Any act that threatens the well-being of an individual is termed as abuse, while domestic violence is the systematic method in which one partner gains power and control by instilling fear and forcing subservience. Violence is not only physical abuse, but emotional, economic, verbal, and sexual. The social stigma of public dishonor is the greatest cause for a woman to become trapped in this atrocious environment, and another important reason is economic dependence on her perpetrator.
Many times a woman feels that the abuse she goes through is her fault, that she has made a mistake. This deduction is false; abusing is the abuser’s fault not the victim’s. In the beginning of this horrifying journey the victim may feel the reasons for being abused are justified, as time goes on and she keeps changing herself for the abuser, she then realizes that there is no escaping from his wrath, he will be violent for any reason and no reason at all. An abuser feels entitled over the victim’s body and her mind, she is not allowed to have individuality, for the abuser she is his commodity.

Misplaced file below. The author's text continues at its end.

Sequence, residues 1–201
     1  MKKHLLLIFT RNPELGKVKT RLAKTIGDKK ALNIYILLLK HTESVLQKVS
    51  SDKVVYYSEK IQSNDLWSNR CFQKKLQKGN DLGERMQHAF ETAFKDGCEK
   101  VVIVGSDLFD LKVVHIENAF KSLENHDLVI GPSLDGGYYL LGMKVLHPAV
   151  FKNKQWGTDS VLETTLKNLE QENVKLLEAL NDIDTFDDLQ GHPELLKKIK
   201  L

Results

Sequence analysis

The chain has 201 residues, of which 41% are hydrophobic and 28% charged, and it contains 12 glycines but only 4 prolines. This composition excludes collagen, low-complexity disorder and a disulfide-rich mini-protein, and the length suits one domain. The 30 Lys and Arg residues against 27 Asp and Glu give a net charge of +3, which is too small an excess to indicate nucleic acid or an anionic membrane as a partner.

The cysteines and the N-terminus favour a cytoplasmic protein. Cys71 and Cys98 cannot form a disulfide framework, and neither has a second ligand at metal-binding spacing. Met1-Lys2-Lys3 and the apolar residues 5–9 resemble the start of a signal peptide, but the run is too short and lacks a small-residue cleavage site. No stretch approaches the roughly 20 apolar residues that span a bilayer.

The famous ‘Bell Bajao’ campaign encouraged residents to stop domestic violence by ringing the doorbell whenever violence was suspected. The problem is that even though we are aware of a neighbor whose shouts are heard due to pain, we tend to mind my own business and walk away. It’s not that we don’t feel bad; it’s that the ‘bystander effect’, a concept of social psychology comes into play. We believe that someone else will help that individual, someone braver, stronger, and more experienced in handling this situation.